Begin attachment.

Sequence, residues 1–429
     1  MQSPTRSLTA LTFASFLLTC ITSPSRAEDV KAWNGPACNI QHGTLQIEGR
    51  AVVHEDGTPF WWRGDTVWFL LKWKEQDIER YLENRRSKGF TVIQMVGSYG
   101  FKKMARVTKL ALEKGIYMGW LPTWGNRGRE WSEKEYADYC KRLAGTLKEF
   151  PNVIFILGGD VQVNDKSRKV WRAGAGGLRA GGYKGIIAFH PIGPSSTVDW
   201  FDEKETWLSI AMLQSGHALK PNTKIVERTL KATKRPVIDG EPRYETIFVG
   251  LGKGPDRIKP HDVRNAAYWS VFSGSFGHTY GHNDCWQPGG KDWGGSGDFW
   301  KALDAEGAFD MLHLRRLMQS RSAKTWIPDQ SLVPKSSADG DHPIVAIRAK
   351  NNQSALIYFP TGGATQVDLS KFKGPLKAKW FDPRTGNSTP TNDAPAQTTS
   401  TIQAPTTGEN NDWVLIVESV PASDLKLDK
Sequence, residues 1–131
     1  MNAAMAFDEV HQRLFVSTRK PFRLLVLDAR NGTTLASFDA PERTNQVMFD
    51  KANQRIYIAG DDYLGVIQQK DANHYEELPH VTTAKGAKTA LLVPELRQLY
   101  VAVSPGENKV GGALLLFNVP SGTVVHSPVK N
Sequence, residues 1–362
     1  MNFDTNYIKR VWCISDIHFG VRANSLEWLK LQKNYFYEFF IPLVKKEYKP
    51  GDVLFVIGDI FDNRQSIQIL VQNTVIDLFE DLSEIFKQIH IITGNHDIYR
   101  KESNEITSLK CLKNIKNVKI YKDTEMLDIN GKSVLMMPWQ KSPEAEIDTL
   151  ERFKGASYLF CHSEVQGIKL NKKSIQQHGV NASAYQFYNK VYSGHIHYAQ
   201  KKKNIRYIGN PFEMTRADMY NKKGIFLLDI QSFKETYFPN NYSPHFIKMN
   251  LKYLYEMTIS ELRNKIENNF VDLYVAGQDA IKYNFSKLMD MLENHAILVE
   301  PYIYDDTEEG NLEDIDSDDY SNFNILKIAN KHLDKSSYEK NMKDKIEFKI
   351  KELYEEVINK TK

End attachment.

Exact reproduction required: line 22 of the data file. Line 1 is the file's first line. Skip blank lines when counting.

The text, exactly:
   301  PYIYDDTEEG NLEDIDSDDY SNFNILKIAN KHLDKSSYEK NMKDKIEFKI